The toxic chemicals in farmed salmon straight from the loch

The toxic chemicals in farmed salmon straight from the loch

The toxic chemicals in farmed salmon straight from the loch: Substance used to control sea lice can harm human health

  • Sea lice and toxic chemicals are threatening Scottish salmon and human health
  • Chemical emamectin benzoate, used to kill the lice, is a potential risk to humans
  • Scottish Salmon Company sites in Loch Roag, off the Isle of Lewis, were affected 

Salmon farming is under threat from an epidemic of sea lice and the use of toxic chemicals to control them, say campaigners.

In a bid to kill the lice, which feed on captive fish raised in cages off the coast of Scotland, salmon have been given an overdose of chemicals which can also harm humans.

Problems occurred at two sites run by the Scottish Salmon Company, which boasts of selling ‘Scotland’s finest sea loch fresh salmon’.

Salmon farmed by the Scottish Salmon Company was found to have high levels of emamectin benzoate, used to eradicate sea lice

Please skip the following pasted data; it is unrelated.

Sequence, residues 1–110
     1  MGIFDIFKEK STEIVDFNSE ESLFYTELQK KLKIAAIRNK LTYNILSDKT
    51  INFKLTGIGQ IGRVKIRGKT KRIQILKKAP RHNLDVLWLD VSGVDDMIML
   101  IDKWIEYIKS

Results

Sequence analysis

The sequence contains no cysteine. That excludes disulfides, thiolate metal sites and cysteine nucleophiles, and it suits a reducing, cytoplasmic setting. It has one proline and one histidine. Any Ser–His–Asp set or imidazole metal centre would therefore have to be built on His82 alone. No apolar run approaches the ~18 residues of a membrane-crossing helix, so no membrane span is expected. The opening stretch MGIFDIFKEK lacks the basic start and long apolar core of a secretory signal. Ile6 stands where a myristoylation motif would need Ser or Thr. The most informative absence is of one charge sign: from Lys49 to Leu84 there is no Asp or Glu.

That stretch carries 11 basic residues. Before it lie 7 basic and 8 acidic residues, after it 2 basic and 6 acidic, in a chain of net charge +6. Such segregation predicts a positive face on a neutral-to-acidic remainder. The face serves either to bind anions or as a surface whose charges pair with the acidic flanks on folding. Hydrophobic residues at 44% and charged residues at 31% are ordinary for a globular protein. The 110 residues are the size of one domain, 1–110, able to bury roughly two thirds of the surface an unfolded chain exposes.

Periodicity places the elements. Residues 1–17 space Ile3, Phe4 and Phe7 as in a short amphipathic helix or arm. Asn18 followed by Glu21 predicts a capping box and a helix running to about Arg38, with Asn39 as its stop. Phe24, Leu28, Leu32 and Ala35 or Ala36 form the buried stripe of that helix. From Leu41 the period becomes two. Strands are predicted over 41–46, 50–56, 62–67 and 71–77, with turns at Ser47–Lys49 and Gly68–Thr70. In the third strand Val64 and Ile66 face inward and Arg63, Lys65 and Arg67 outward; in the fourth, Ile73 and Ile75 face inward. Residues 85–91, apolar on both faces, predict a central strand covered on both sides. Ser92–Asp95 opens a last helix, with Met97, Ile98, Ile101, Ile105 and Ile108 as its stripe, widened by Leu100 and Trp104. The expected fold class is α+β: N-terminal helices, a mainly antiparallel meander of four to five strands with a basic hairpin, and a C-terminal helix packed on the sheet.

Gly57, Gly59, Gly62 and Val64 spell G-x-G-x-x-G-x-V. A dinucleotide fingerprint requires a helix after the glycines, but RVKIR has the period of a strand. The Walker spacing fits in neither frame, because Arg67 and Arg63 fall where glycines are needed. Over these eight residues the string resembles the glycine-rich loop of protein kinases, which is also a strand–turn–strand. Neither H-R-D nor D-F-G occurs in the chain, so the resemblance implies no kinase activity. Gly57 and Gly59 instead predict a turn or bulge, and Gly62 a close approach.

Salmon farmed by the Scottish Salmon Company was found to have high levels of emamectin benzoate, used to eradicate sea lice
The infected fish were not destroyed, but instead they were harvested in November, presumably to be sold at Christmas, although the company refused to give any details
The infected fish were not destroyed, but instead they were harvested in November, presumably to be sold at Christmas, although the company refused to give any details

The chemical emamectin benzoate, used to eradicate the lice, is a potential risk to human health because it interferes with nerve impulses in the body, should residues in the fish end up on dinner plates.

The problem occurred in February last year at Vacasay and Taranaish, both in Loch Roag, off the Isle of Lewis, in the Outer Hebrides. Three samples of salmon at these Scottish Salmon Company sites had levels of emamectin above permitted levels.

But the fish were not destroyed. Instead they were harvested in November, presumably to be sold at Christmas, although the company refused to give any details.

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